Review: Really Old Like Forty Five

By John Nathan, February 10, 2010

If ever there were a play that had state-of-the-nation ambitions it is Tamsin Oglesby’s satire about ageing and ageism. But what a missed opportunity this is, not just to be funny about a scary subject, but to say something interesting about a big problem. Oglesby’s vision of the near future sees the old used as guinea pigs for potentially fatal anti-dementia drugs. Paul Ritter provides a high-octane stand-out performance as the minister in charge of pioneering research hospitals where old people are experimented on but die happy.


Review: Waiting For Godot

By John Nathan, February 4, 2010

Last year I wondered if Sir Ian McKellen felt let down by Sir Patrick Stewart. So brilliant was McKellen’s Estragon and so bland was Stewart’s Vladimir — now played by Roger Rees — any deep-down satisfaction McKellen might have felt about acting Stewart off the stage must have been tempered by the knowledge that when it comes to Beckett’s waiting tramps, it takes two to tango.


Puccini in a pub? How bohemian

By Deborah Harris, January 28, 2010

‘I touched the head of a bald man by mistake,” exclaims bass singer Georgios Papaefstratiou.

“And during the fight scene we nearly fell into the audience,” adds baritone Matthew Duncan. The two singers were responding to my question about the pitfalls of putting on a grand opera in the cramped setting of Kilburn’s Cock Tavern.

So, La Bohème in a fringe venue — who could have imagined it? I certainly wanted to, which is why I got involved with the OperaUpClose’s production of Puccini’s gypsy love story.


Review: I Am Yusuf And This Is My Brother

By John Nathan, January 28, 2010

There are a lot of plays about the Israeli-Palestinian conflict. It is a subject that exercises playwrights across the political spectrum and the theatrical landscape, from the top of the establishment to the fringiest agitprop.

So many offerings are there in fact, you would think that a major season would have sprung up by now. Such an event might allow audiences who seek out one perspective to be exposed to another.


Review: The Little Dog Laughed

By John Nathan, January 28, 2010

What fun. And what paradoxes are exposed when a ruthless lesbian Hollywood agent (Tamsin Greig) attempts to hide the sexuality of her gay client (Rupert Friend) so that he can land the role of a gay – yes, gay – character in a breakthrough movie.

The point so eloquently made by Douglas Carter Beane’s cracking little comedy on Hollywood hypocrisy — and so wittily expressed by Greig’s megalomaniacal Diane — is that for a straight actor to take on a gay character is brave, whereas for a gay actor, it’s more like bragging.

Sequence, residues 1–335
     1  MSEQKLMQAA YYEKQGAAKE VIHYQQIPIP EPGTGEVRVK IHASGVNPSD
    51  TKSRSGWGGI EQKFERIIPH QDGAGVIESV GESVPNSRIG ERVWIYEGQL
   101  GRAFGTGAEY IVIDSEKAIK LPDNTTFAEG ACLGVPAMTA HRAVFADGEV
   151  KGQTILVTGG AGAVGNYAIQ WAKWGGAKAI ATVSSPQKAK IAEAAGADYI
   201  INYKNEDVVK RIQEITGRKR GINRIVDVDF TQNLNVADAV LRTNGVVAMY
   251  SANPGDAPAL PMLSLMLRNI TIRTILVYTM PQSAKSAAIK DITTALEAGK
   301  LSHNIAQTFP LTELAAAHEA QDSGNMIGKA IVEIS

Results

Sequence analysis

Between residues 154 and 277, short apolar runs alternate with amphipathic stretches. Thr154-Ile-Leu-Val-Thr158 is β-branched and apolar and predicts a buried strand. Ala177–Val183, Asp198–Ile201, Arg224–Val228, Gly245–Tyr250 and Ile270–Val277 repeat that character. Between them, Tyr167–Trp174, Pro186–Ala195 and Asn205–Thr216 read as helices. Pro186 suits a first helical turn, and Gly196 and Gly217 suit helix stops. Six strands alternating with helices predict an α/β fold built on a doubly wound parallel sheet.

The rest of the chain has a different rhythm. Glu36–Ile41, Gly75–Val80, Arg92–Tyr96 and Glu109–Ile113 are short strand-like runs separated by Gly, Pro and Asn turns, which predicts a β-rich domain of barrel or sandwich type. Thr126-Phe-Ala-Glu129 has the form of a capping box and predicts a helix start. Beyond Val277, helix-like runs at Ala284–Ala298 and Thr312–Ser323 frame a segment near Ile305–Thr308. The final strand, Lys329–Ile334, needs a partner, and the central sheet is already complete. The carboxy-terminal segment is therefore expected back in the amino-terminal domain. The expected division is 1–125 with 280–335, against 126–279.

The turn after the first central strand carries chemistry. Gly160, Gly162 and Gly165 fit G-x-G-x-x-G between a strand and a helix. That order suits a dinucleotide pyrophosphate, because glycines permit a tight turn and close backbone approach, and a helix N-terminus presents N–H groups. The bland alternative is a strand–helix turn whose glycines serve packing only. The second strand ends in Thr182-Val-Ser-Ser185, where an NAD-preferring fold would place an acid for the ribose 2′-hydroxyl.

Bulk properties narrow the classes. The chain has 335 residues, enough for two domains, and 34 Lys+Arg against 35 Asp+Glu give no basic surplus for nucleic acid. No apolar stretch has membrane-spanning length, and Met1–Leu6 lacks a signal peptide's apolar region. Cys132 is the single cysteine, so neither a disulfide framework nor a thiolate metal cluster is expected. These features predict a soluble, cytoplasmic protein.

When a Jew loves an Arab

By John Nathan, January 21, 2010

So vast and varied is London theatre that sometimes it throws up unplanned seasons on its own, with no controlling hand. Plays about the Israeli-Palestinian conflict abound. Well, there are a few.


Review: Six Degrees of Separation

By John Nathan, January 21, 2010

The title refers to the notion that no more than six people connect any two individuals on the planet. Whether it is the Queen and an Inuit fisherman or, as in John Guare’s still-relevant 1990 play, a black hustler called Paul and the wealthy New York couple into whose life he inveigles himself by pretending to be the sophisticated, highly educated son of the Hollywood actor Sidney Poitier.


Review: Legally Blonde

By John Nathan, January 14, 2010

This is the popular Broadway musical version of the famous film that was based on the American novel that nobody had heard of.

It appears a pattern has formed. Legally Blonde arrives in London hardish on the heels of Sister Act, another musical version of a Hollywood comedy.


Review: The Lady Or The Tiger

By John Nathan, January 7, 2010

Michael Richmond’s and Nola York’s quirky little musical made its debut at the Orange Tree in 1975 and, judging by this revival, overreached and overachieved when it transferred to the Fortune Theatre in the West End.

Perhaps it became a victim of its own success. The show built up quite a following when it first appeared. Queues went around the block when the block was the pub in whose upstairs room founding Orange Tree artistic director Sam Walters set up shop in 1971. These days the venue has its own building over the road.


A shtetl wedding on the trapeze

By Simon Round, December 30, 2009

Think of acrobats, jugglers and clowns in Eastern Europe and the image that comes to mind is the Moscow State Circus.

However, there is a show coming to London which uses traditional circus skills in a new context — a unique cultural fusion called Circus Klezmer. The performers use circus tricks to tell the story of a wedding in an Eastern European shtetl, to the accompaniment of klezmer music. And if all that is not culturally fused enough, all the parts and instruments are played by a cast from the Spanish Catalan region.